Becoming a conscientious objector isn’t simply saying no to war and walking away. It’s a complicated decision shrouded in public shaming, and for Rosa, a decision not made lightly. Her memoir gives us a glimpse into the female military experience and the effects 9/11 had on our young recruits.
Rosa del Duca
We’re preparing for a busy season at Ooligan Press, with three titles coming out in as many consecutive months beginning in March. Our final book of the school year, Breaking Cadence: One Woman’s War Against the War by Rosa del Duca, is set to publish on May 21. It’s a thought-provoking memoir that not only communicates Rosa’s path to becoming a conscientious objector in the military but also serves as a conversation-starter around a number of pressing topics.
Ooligan has decided that it is time to step into the audiobook world. This is an exciting time for Ooligan, as it means we as students now have the opportunity to see just what goes into the creation of this popular format. And our most recent acquisition, a memoir by conscientious objector Rosa del Duca, seems the perfect place to begin when looking at audiobooks.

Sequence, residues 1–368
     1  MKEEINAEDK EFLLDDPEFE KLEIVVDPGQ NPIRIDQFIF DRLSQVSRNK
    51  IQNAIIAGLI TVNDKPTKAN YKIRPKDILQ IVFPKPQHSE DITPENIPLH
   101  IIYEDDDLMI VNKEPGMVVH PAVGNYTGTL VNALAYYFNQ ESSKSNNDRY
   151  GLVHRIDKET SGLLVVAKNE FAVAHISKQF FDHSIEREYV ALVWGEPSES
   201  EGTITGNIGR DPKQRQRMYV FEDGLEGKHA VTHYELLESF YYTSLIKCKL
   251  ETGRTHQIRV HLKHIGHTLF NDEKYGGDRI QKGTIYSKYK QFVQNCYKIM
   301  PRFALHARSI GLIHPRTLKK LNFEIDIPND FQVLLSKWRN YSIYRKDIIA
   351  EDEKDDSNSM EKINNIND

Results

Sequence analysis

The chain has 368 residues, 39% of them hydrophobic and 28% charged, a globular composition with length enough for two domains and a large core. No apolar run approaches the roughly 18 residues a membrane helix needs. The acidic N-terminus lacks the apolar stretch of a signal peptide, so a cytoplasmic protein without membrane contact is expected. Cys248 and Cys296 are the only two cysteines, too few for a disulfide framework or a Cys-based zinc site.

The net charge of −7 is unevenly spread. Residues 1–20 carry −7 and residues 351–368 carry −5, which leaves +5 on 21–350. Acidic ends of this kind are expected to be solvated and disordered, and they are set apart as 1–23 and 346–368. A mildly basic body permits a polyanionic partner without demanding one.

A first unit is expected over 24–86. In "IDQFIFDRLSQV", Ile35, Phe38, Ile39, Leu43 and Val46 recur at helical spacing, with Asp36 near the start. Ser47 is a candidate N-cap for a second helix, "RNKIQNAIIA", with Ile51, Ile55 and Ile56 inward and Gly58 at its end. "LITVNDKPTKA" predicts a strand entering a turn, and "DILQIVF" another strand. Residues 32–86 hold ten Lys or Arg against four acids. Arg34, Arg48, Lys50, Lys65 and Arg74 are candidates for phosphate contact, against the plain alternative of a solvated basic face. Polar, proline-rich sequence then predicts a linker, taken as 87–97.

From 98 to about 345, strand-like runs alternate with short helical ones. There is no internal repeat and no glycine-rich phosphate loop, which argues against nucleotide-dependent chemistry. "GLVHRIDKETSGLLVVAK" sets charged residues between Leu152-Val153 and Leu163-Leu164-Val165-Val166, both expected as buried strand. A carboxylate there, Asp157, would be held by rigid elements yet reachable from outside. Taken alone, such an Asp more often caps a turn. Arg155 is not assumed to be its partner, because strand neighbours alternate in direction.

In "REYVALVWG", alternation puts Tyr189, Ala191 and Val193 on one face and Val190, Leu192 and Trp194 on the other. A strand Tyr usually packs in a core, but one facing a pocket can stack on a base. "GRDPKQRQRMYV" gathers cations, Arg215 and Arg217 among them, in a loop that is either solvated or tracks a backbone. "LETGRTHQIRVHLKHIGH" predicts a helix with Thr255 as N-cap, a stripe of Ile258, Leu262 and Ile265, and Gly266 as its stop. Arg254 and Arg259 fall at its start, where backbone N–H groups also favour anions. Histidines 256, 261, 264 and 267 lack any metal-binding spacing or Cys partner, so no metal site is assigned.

Ooligan Press is pleased to announce the acquisition of the untitled memoir from Rosa del Duca. In 1999, Rosa del Duca joined the National Guard. It was her opportunity to make something more of her life, but as her unease over the military’s role reaches a boiling point with the attacks on 9/11, Rosa comes to the realization that she is a conscientious objector. She must now decide how far she is willing to go to stand up for what she believes in—and what she is willing to sacrifice in return. We are excited to be able to work with del Duca on her first full-length literary work.